In the Gospel of Luke, he describes a scene when Jesus was confronted by a Roman Centurion. I always have pause when I read it because the Roman soldiers were known for their brutal, harsh treatment and lack of compassion. You might want to picture a lineman on an NFL football team to get a picture of what they were like. Like some football players, this particular soldier defies the stereotype. He pleads with Jesus for compassion for his servant who is ill but does so with a humble heart.
“Sir, (Roman soldier addressing a Jewish Rabbi?), I am not worthy to have you under my roof,” wow the humility and faith in Jesus is remarkable. He continues, “but give the word and let my servant be healed.” (7:7) This was an expression of the centurion’s hope in the promise of Jesus.
Jesus responds to the crowd with, “I’ve yet to come across this kind of simple trust anywhere in Israel.” Faith + Hope = Trust
There was another story that demonstrates the formula to trust in John’s Gospel. It was a royal official. Again, how atypical that Jesus would demonstrate His point with someone most unlikely to accept His message. “Sir,” he pleads. Again utter respect for the Jewish Rabbi. “Come down before my child dies.” Jesus tells him, “Return home. Your son will live” (4:49-50) He has complete faith in the person of Jesus and utter hope that Jesus has done what he has said he would do. Faith + Hope = Trust
In the Gospel of Mark, a father brings Jesus his son possessed by a mute spirit. And again a humble man reveals his reverence and faith in Jesus: “ If out of the kindness of your heart you can do anything to help us, please do!” Guess what Jesus says? “If you can? Everything is possible to a man who trusts.” The father immediately shows his faith in Jesus but is missing one component of the formula. “I do believe! Help my lack of trust.” The boy’s father believes in Jesus but lacks conviction that his expectation for healing will be fulfilled, hope.
If you, like me, struggle with trusting Jesus, maybe you simply are missing one component of the formula. I believe we are also missing another component of trust.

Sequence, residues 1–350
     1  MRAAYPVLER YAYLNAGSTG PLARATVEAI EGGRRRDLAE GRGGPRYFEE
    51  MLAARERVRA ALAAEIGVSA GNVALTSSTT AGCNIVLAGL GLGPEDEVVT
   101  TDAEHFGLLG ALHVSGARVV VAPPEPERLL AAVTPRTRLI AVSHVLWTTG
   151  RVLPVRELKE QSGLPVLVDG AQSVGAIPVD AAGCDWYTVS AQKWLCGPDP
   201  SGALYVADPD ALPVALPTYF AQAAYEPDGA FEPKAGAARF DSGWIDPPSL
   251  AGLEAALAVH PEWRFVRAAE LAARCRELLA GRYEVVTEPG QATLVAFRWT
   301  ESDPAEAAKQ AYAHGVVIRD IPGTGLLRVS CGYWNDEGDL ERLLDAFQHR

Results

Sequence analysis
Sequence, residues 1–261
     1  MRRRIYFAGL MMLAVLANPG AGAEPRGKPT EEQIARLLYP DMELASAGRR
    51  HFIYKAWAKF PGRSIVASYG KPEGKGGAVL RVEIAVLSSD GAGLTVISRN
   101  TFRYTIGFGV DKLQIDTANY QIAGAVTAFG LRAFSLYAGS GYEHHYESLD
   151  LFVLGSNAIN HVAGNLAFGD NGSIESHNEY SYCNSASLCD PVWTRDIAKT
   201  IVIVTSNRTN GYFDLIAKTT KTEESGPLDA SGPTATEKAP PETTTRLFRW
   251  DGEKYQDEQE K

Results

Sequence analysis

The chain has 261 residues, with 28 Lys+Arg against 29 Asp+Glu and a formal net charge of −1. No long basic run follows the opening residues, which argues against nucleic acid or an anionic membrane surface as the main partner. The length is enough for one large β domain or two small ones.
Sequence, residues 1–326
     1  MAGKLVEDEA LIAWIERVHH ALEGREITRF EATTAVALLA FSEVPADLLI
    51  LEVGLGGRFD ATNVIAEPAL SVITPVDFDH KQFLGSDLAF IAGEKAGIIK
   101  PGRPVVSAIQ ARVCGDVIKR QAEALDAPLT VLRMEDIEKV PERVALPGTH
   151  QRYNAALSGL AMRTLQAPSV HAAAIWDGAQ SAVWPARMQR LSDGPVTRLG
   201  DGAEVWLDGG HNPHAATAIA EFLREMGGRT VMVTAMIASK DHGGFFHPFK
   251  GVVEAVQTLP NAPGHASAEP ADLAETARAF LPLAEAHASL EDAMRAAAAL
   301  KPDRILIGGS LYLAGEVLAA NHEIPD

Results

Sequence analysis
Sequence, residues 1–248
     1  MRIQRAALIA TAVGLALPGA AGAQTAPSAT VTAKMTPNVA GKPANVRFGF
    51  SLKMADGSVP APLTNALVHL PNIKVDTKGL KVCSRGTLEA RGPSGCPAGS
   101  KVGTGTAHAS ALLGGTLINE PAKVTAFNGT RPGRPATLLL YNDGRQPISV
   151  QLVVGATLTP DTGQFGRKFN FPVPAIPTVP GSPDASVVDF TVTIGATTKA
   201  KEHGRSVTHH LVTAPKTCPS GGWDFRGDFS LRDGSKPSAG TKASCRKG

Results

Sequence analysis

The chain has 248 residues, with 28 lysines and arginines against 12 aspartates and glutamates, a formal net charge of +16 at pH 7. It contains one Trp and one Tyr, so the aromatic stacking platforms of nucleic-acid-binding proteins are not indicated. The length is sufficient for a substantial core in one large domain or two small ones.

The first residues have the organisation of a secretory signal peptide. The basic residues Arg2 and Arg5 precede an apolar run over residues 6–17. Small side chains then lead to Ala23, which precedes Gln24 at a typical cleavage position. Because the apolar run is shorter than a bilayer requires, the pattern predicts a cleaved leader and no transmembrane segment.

Brennan Manning explains, “In Western thinking, knowledge is the intellectual apprehension of reality, the mind’s affirmation of a truth perceived. In the Hebrew and Christian scriptures, knowledge is felt, it arises from an experience of God in faith and love rather than from human investigation. Knowledge is the fruit of a faith encounter with Jesus as the Christ. It is simply not possible to receive the revelation of God in the transcendent/immanent Christ without experience. Experience is an essential part of knowing Jesus and of the whole concept of revelation. It is an experience of faith.”
So trust comes from God through the experience of Jesus. This experience must be an encounter with Him on both the divine and human levels of existence. If you earnestly seek Jesus, this experience or moment of recognition will be granted to you.
Scripture scholar, John McKenzie, explains it this way: “The basic element of experiencing Jesus is recognition. We recognize that the person whom we have encountered speaks to our innermost being, supplies our needs, satisfies our desires. We recognize that this person gives life meaning…We recognize that we cannot be our own true self except by union with this person…we experience a deep security…we have encountered God, and that we shall not encounter God in any other way.”
Faith is the Holy Spirit moving from our head to our heart, from intellectual recognition to experiential awareness; a sort of self-forgetfulness. Soren Kierkegaard says it this way, “Life is lived forward but understood backward.”
One final story demonstrates that point best. Dennis Rainey tells the story of a missionary family home on furlough, staying at the lake house of a friend. On the day in question, Dad is uttering in the boathouse, Mom in the kitchen, and three children, ages four, seven, and twelve, were on the lawn. Four-year-old Billy escaped his oldest sister’s watchful eye and wandered down to the wooden dock. The shiny aluminum boat caught his eye, but unsteady feet landed him in eight-foot water.
When the twelve-year-old screamed, Dad came running out. Realizing what had happened, he dove into the murky depths. Frantically he felt for his son, but twice, out of breath, he had to return to the surface. Filling his lungs once more, he dove down and found Billy clinging to a wooden pier several feet under. Prying the boy’s fingers loose, he bolted to the surface with Billy in his arms.
Safely ashore, his father asked, “Billy, what were you doing down there?” The little one replied, “Just waitin’ on you Dad, just waitin’ on you.”
The little boy had a history with the Dad feeling safe, protected, accepted, and loved…faith. Because of that he had a hope that his dad would rescue him like he always did.
I struggle with trusting the Lord in everything! I would like to think that I can be this innocent and in all circumstances TRUST my Savior enough to say, “Just waitin’ on you Jesus, just waitin’ on you.”
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By Joe Sturniolo
Christian Family Legacy and Wealth Planning
Joe believes that stronger families are the vehicle God uses to bring about significant impact for His Kingdom.